| >And I thought it was the Frenchmen everybody blames the metric system
| >on - not the "commies"
| They are more socialist than the soviets these days.
Indeed. They have health insurance. I guess that
makes them commies, right? Civilized countries allow
insurance companies and hospitals to fleece the public
to any extent they like.
My pickup is Japanese, but it's also metric. And it came
with a lug wrench. Are the Japanese commies? I thought
they were monarchists turned capitalists.
I have a warning, though, about good old American,
non-commie, God-fearing tape measures. I bought
a new Stanley leverlock type recently without paying
attention to anything but the length. It turned out
the tape is metric on one side and inches on the other.
What I mean is that it's only printed on one side of
the tape, but includes both systems, with one marked
along each edge. It's completely unusable. I had to
buy another tape measure.... So watch out for those
half-commie tape measures.
Alunimum rims can cause lots of problems.
alunimum rusts, At the contact area with the tire, at the bead.....
these air losses tend to occur when the weather changes......
My wifes care had repetive fat tires. we had a family member dying and my wife drove on the flat and ruined the tire and wheel. the garage had a standard steel wheel in stock so they replaced the alunimum one with steel one.
in the following year the only tire that didnt go flat was the one with the steel wheel.
so when the next flat occured I asked the garage, who showed me the corroded aluniimum wheel.
When we needed tires I bought 4 new steel wheels, kept the existing steel wheel for the spare.
The car went over 10 years after the wheel swap, with only one or two flats from tire punctures.
Yeah, that's why everyone in France these days is looking over the border
into Germany and wondering who really lost the war.
I've got a Toyota and two Suzuki bikes. It's very refreshing to work on them
and know everything is going to be metric. The Harley and the F150, otoh,
scatter metric fasteners in the damnedest places so I need both sets of
My 19 year old Ford pickup has never had a flat tire - and in
320,000KM it has worn out only 1 1/2 sets of tires - all mounted on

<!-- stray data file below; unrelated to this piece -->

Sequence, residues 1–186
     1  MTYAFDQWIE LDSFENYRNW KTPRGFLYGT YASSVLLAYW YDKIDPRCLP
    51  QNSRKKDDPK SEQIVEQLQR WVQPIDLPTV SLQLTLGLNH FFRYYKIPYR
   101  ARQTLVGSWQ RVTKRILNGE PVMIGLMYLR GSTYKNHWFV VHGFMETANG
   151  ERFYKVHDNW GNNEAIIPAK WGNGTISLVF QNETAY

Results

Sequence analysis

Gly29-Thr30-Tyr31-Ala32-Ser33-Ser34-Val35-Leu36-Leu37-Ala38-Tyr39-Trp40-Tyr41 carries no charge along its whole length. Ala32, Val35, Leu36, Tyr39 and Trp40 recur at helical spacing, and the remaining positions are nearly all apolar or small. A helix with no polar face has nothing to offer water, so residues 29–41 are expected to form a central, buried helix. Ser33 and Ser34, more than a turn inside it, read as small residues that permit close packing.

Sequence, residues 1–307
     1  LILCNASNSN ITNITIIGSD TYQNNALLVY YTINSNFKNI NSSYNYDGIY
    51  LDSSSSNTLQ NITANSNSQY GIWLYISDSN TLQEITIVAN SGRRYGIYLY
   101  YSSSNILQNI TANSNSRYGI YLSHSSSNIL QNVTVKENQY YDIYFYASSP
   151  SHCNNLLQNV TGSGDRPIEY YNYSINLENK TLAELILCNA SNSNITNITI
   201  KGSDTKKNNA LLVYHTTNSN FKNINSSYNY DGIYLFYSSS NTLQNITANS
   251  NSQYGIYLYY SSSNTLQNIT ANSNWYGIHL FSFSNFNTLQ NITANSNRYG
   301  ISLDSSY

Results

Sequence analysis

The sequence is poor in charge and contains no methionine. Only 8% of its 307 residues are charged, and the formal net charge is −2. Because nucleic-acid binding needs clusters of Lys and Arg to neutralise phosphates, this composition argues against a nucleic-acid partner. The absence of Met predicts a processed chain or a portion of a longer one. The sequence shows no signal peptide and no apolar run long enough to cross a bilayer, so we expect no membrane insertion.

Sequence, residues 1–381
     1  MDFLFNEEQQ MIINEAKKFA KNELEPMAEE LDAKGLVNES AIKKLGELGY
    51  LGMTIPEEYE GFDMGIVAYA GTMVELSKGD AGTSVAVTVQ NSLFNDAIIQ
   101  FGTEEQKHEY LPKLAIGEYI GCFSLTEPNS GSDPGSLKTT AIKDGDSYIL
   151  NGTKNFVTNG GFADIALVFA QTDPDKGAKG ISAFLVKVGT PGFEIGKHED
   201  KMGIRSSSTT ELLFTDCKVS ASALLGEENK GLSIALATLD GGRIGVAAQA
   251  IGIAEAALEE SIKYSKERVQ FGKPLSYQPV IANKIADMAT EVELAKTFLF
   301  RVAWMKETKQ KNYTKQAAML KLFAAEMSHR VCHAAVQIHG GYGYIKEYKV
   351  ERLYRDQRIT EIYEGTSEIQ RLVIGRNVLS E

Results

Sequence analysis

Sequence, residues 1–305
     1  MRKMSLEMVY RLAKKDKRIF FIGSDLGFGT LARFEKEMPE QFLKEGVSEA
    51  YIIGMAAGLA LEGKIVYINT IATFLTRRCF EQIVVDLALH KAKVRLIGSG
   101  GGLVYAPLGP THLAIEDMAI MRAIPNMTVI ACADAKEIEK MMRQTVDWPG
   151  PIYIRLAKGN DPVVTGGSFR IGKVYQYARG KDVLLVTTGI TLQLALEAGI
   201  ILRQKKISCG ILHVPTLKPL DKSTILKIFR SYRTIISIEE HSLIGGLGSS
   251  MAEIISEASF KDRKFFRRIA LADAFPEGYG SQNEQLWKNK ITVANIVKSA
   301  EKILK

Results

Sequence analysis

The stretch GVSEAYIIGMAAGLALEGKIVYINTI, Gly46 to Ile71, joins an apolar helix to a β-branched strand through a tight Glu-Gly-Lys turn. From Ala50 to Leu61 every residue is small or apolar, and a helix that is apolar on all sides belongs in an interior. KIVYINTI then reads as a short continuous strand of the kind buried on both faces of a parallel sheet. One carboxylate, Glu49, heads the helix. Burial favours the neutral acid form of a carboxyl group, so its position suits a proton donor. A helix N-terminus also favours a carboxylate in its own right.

alloy rims. I now have my snow tires on another set of alloys, and
have new 16 inch tires on alloy rims for the last 2 years. The
original wheels are still holding air - lost less than 5PSI over the
last 2 years.
One of the snow tires was down 10PSI over the last summer of storage.
I'd try truck stops, NAPA and various auto parts
stores. Expect to pay more for the good one.
My answer has been the impact socket set from
Harbor Freight, and the breaker bar. I've had
good results with that.
I'm also OCD about having the shop let me do the
final tighten with my own torque wrench.
On Thu, 25 Dec 2014 23:40:53 -0500, email@example.com wrote:
I had a Chrysler with the high end aluminum rims and I had one that
simply refused to hold air. I just took it to the tire guy, had him
break it down, I wire brushed the crud out of the rim and it never
lost air again.
The tire guy said he learned something.
On 12/26/2014 1:43 AM, firstname.lastname@example.org wrote:
I've just had tires put on my Blazer, a couple
months ago. And one flat, has to be the right
front where I never look. Anyhow, I've got to
make sure to check the air in that tire every
couple weeks, now. One more thing to do.
The tire shops use some kind of slop when they
put the tires off and on. They also have been
known to grease the rim after wire brushing. That
helps them hold air.
| Lighten up dude, it was a joke
Interesting. My "joke" was deliberately
over-the-top and ironic, yet you missed the
humor. I don't detect any irony in your post.
Is it just inherently funny slurring socialism?
Maybe I just didn't get it. Try me again.
Maybe try another group this time, like,
say, plutocrats. :)
On Fri, 26 Dec 2014 07:29:56 -0500, Stormin Mormon
They use a vegetable soap product, one of the most common being the
Ru-Glyde brand from AGS Company to mount the tires on the rims.
Petroleum based grease is a NO-NO.
There are several bead sealer products out there that if used properly
will ensure a leakproof bead seal. XTraSeal is one of the most
commonly used, along with Bell and Steelman Bead Sealers.
A homemade mixture of equal parts mold-makers latex and windsheild
washer concentrate with about 1/4 part "slime" tube sealer is said to
work almost as well as the best commercial product.
The secret is to have both the rim AND the bead as clean as possible
before mounting the tire.
| Alunimum rims can cause lots of problems.
| alunimum rusts, At the contact area with the tire, at the bead.....
That's an interesting point in light of Ford's new
aluminum pickup trucks -- whether aluminum will
last as long as steel. Though I have a Tacoma
that's already been recalled once for rusting
chassis problems. They slopped a tarry goop onto
it, which wore off, and doesn't seem to have done
much good. My last Toyota p-up went 18 years
and 239K miles with no notable rust because I
had a rustproofing treatment when I bought it.
When I bought the current truck no one seemed
to be doing rustproofing anymore. The chassis
just has something like black primer paint on it.
I naively figured that maybe the black paint was
some kind of high-tech anti-rust coating. No
such luck. :) I'm surprised it's legal for them to
sell it that way.
Lot is based on location and salt presence. Some
towns near the ocean, things rot away promptly.
Parts of NY state, they salt the roads generously,
and vehicles all rot away. OTOH, Arizona has nearly
no humidity, vehicles last many years.
HomeOwnersHub.com is a website for homeowners and building and maintenance pros. It is not affiliated with any of the manufacturers or service providers discussed here.
All logos and trade names are the property of their respective owners.